"Forced displacement constitutes a human rights violation when international standards on eviction are not followed. Moreover, this initial rights abuse often leads to subsequent violations such as the right to food, adequate housing, health and education," reads the report.
No representative from the former Ministry of Electric Power or Department of Hydropower Implementation responded to Al Jazeera's requests for an interview regarding the forced resettlement of residents in the Paunglaung river valley.
The 140 megawatts of electricity generated by the the Upper Paunglaung hydropower project is destined for Napyidaw. Famous for its monolithic parliamentary buildings, grand hotels and deserted eight-lane highways, it was unveiled as the nation's new capital one morning in 2005, after it had been constructed in secret and at great cost by the former military regime.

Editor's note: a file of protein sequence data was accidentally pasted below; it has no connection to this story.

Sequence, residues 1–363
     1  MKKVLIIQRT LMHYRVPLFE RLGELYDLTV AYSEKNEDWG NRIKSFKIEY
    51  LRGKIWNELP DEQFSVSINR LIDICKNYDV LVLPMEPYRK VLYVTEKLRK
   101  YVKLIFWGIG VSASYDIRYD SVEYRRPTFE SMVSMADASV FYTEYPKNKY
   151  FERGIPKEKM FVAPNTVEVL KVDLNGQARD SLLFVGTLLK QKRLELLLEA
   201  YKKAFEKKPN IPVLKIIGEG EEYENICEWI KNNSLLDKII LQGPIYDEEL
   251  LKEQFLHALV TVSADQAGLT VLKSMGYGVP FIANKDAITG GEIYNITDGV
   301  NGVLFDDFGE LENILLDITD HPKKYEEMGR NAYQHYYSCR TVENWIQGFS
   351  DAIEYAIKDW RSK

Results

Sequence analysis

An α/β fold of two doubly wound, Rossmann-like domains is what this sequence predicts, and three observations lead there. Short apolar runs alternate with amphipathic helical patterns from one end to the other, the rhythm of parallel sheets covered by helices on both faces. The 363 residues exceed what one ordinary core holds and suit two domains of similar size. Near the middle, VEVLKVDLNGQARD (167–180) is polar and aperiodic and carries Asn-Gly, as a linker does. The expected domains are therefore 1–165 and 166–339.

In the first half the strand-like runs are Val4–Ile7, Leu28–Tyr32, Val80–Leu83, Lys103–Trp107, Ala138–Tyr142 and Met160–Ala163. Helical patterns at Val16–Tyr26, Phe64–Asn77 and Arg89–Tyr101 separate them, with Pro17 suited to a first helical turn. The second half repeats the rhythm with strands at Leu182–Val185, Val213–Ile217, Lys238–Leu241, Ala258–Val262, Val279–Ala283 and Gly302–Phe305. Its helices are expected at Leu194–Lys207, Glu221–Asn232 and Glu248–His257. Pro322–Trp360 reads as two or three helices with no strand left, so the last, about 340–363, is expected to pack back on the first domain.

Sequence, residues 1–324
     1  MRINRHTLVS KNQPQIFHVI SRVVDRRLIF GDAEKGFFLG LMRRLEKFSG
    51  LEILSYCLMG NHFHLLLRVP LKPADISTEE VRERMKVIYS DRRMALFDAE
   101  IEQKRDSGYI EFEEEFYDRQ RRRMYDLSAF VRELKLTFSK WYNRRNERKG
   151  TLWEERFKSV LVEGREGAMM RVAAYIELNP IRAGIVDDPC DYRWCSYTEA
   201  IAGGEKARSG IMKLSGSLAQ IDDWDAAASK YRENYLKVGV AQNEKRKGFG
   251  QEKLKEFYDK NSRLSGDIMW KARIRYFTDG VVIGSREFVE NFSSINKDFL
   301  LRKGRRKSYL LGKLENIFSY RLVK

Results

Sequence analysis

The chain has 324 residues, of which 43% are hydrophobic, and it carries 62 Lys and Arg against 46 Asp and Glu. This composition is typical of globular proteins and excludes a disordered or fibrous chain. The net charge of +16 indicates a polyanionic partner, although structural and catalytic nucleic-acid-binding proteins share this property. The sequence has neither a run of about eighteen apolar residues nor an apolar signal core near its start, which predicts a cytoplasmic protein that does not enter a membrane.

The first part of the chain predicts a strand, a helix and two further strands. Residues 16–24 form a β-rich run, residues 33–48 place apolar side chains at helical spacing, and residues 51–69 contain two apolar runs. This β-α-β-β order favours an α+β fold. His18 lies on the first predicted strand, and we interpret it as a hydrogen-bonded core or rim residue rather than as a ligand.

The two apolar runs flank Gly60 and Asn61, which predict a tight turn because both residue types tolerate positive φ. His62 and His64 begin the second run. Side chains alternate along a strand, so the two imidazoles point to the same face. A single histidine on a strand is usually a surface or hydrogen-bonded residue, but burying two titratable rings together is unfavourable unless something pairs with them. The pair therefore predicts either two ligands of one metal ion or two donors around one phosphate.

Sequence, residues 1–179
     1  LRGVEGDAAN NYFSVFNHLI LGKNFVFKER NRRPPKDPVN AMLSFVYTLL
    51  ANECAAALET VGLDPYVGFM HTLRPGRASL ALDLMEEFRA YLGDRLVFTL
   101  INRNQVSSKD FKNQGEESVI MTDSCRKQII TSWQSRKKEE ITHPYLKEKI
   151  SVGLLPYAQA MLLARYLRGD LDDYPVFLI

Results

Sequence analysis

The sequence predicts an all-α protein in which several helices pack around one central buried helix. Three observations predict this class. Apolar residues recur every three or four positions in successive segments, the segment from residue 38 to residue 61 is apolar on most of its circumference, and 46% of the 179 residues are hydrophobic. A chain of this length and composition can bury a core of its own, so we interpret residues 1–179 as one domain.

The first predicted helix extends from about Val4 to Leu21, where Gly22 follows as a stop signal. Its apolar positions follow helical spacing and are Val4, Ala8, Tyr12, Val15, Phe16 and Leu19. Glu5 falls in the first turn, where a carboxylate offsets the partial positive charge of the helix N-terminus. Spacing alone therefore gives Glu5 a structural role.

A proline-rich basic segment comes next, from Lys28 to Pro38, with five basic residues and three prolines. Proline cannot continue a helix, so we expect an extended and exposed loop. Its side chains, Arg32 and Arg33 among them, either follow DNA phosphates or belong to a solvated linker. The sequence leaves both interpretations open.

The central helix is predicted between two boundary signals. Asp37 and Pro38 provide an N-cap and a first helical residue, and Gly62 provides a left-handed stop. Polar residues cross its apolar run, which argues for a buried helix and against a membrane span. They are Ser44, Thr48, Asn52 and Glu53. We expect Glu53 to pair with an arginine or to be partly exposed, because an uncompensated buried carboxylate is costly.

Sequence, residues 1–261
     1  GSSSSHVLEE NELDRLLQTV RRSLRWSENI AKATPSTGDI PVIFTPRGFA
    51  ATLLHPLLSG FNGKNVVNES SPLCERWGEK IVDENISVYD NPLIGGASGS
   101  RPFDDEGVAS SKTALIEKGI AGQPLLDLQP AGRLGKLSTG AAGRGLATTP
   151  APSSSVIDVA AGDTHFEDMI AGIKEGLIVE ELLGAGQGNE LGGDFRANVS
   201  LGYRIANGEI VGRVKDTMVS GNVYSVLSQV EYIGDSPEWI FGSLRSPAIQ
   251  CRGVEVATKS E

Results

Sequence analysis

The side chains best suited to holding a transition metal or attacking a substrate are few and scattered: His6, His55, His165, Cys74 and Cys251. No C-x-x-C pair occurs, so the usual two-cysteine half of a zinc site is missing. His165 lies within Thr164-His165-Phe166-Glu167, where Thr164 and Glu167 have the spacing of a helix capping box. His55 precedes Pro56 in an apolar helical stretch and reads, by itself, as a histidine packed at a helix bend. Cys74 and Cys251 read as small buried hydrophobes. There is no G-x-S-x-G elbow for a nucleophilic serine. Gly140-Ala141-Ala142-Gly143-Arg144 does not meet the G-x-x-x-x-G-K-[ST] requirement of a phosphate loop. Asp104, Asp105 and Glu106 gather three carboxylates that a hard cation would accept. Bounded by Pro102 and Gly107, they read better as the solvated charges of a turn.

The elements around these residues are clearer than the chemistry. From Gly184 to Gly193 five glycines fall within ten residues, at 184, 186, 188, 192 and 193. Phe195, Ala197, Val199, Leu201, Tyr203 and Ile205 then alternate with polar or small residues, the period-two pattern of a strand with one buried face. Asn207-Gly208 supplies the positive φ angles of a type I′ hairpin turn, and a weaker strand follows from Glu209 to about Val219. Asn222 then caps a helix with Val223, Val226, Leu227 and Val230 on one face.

|'If our son was here we could work on our plot of land, but we can't now. Since we can't work, we're better off dead,' said the elderly displaced couple [Connor Macdonald/Al Jazeera]
Swiss, British, and Chinese companies financed and built the dam. Swiss-based AF-Consult, responsible for the "consulting services of the design and construction of the dam", said they had no involvement in the resettlement of villagers.
"According to our information they [the Department of Hydropower Implementation] have developed and implemented a programme based on new farmland, new infrastructure and some compensation, but the details are not known to us," Sabine Bargetz, executive assistant at AF-Consult Switzerland, told Al Jazeera in an email.